Other visitor favorites include a countertop projection of recipes, appliance manuals and more that can be navigated by gesture or by voice (if, say, your hands are covered in the dough you’re kneading). People also love the Home’s teenager bedroom, in which all four walls can change to match the teen’s mood; the walls also feature entertainment and social connections. And if relatives are coming to stay, with one voice command the room can change from graffiti to a more serene grandma-friendly setting.
“When we added the room, we recognized it was much too clean — we all know teenagers,” Cluts says. “So we started to make an effort to throw clothes and candy wrappers around.”
In the Microsoft Home’s teenager room, the decor can be changed momentarily based on the teen’s mood, and social updates appear on the walls keeping the teen up to date on friends’ whereabouts.
Despite purposefully placing prop clutter, Cluts and his teammates would lead a tour only to find the Home’s teenager room was clean again. It took them a while to figure out that the Home’s nightly cleaning crew didn’t realize it was a fake mess and had been cleaning it up.
Not every feature has been a hit. In 2000, Cluts’ team was exploring biometrics and decided to install an iris scanner that would open the front door to authorized eyeballs.
“The eye is 1,000 times more unique than a fingerprint, but people hated it,” Cluts says. “Nobody wanted to stand in front of the door and get their eye scanned.”
Apart from the largely hidden technology, the Home looks remarkably like many present-day homes – modern design, warm wood, clean lines and comfortable furniture.
“I think at first blush, when people think of the Microsoft Home, they have a picture in their mind of a lot of chrome and steel and plastic,” Cluts says. “While I certainly think there have been a lot of advancements in architecture and design, and that people’s homes will change over time, the fact is that most homes built today still have many elements of those designed and built in 1900.”
The Microsoft Home, he says, should feel very much like people’s real homes, so they can see how technology could be incorporated into their lives without it becoming a “showcase.”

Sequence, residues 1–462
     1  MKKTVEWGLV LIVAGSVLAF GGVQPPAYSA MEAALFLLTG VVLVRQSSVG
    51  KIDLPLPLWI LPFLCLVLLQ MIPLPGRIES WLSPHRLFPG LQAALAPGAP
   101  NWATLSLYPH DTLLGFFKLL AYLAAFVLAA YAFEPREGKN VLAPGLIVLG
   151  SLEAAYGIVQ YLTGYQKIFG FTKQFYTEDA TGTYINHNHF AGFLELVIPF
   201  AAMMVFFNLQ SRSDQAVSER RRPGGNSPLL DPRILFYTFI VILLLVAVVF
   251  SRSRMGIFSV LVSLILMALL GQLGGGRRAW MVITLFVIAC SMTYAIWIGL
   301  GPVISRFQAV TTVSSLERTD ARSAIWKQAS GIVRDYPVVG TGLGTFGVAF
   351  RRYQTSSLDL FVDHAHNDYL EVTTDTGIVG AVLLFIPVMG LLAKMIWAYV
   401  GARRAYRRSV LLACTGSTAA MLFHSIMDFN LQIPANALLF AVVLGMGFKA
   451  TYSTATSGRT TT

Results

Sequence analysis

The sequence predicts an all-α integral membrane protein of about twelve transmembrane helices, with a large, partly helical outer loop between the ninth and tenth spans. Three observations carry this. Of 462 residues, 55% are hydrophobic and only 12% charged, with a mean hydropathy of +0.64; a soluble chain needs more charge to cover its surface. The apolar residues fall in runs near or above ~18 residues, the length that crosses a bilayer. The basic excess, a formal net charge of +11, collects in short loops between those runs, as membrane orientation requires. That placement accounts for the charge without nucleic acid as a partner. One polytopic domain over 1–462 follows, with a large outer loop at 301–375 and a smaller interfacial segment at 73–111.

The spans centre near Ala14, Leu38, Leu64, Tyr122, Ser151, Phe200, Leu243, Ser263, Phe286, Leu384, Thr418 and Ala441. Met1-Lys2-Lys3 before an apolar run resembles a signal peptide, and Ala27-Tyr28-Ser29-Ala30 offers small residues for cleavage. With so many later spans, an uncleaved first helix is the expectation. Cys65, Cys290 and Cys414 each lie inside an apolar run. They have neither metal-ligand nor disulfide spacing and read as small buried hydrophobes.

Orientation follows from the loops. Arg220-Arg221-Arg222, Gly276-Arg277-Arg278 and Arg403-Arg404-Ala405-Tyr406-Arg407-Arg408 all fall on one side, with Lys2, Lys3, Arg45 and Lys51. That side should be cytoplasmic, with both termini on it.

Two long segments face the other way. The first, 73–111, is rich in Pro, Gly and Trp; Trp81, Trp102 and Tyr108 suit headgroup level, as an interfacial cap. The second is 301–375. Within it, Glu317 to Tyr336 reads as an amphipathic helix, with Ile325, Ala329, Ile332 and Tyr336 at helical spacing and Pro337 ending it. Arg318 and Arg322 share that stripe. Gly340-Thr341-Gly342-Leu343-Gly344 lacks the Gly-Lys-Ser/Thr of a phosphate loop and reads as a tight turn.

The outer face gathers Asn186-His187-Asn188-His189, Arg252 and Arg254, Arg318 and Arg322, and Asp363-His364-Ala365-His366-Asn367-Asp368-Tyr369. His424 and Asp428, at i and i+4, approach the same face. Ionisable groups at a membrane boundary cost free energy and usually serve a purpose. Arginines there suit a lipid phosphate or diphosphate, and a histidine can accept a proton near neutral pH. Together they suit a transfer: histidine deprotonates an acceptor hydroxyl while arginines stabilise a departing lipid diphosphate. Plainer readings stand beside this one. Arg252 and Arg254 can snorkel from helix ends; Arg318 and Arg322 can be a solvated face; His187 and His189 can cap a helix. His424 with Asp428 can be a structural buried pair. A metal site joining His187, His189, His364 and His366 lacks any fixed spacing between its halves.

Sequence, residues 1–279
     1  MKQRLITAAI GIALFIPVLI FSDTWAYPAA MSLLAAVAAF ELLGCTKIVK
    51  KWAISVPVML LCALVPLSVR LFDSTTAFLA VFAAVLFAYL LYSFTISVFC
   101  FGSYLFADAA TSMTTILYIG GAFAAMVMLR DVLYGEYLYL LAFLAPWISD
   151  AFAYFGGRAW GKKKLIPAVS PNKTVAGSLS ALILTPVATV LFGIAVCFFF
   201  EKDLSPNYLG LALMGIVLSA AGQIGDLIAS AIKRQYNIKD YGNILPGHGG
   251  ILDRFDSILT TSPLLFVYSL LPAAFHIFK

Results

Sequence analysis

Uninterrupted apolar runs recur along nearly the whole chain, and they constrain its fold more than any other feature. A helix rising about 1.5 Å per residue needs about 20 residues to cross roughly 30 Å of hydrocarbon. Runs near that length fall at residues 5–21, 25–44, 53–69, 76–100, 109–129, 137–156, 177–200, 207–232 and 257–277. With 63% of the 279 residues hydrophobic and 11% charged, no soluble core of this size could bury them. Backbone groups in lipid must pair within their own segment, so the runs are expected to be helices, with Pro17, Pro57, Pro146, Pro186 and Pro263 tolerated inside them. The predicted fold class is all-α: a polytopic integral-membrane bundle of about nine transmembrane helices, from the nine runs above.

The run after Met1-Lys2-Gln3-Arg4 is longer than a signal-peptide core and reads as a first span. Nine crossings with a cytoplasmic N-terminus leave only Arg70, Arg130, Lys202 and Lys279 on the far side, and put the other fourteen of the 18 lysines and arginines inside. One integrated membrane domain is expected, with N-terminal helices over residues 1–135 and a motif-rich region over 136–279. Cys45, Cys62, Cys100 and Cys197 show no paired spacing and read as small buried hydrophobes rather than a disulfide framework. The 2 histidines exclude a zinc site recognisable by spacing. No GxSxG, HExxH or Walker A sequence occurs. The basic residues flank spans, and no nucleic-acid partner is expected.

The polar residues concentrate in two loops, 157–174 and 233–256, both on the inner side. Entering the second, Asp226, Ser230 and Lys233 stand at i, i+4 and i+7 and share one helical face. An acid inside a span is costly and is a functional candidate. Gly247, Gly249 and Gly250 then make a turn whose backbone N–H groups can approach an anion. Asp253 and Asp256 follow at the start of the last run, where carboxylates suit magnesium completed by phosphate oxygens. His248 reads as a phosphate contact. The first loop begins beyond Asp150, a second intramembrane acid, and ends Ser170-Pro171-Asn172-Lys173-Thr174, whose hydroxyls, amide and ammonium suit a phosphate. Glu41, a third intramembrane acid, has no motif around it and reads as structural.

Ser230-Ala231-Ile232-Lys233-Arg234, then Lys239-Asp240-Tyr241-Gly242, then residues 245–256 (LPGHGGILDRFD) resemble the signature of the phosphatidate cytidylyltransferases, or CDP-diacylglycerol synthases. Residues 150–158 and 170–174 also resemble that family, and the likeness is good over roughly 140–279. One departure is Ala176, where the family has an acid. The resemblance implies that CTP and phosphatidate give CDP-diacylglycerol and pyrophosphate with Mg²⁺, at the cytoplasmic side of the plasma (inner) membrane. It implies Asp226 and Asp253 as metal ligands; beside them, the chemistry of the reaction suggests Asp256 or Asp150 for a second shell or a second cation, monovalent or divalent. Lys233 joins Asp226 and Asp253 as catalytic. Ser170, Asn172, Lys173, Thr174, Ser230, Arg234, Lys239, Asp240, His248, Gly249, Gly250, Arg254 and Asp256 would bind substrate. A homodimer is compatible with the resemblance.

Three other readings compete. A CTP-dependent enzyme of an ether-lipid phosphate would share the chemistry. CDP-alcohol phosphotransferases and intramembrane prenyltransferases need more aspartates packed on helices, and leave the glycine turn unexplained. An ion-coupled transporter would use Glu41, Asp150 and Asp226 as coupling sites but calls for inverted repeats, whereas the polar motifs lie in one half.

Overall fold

So how close is the Microsoft Home to Microsoft’s vision of the future?
“It’s pretty close, as it’s a place we showcase the vision that I, and others, have been evangelizing,” Mundie says.
For several years, the company has been championing a transition from the graphical user interface (GUI) to the natural user interface (NUI) – using voice, vision, gesture and multi-touch to make computers more like personal assistants than just tools, he says. Kinect for Xbox 360 is a great example of this – it represents several years of research, across three global labs, and enables your computers to simulate and emulate human senses. Kinect, in its first 60 days on the market, also earned a world record for being the fastest-selling consumer electronics device in history.
“We’re on a path for computing to leverage this type of interaction in many other contexts beyond gaming and entertainment,” Mundie says. “The street-level view, pictorial integrated aerial views and the oblique aerial views in Bing Maps are things I first showed in a prototype demo a few years back, and they have also been shown in the Home. These capabilities were pioneered in Microsoft Research and then transferred to the product group. As we embark on this new era in computing, such technologies will only become more powerful and useful.”
In fact, investment in research, technology incubations, and advanced prototyping such as the technology found in the Microsoft Home are priorities Microsoft is focusing on to help bring the future a little closer to reality, Mundie says.
“It’s important to invest in exploring long-term technology trends,” he says. “The Strategic Prototyping Team, working closely with me, is charged with maintaining a forward-looking view and building prototypes so that we can ‘live in the future’ today. The Home allows us to see how new experiences may impact hardware and software design, user interfaces, security and privacy, and more – and socialize those ideas with people inside and outside the company.”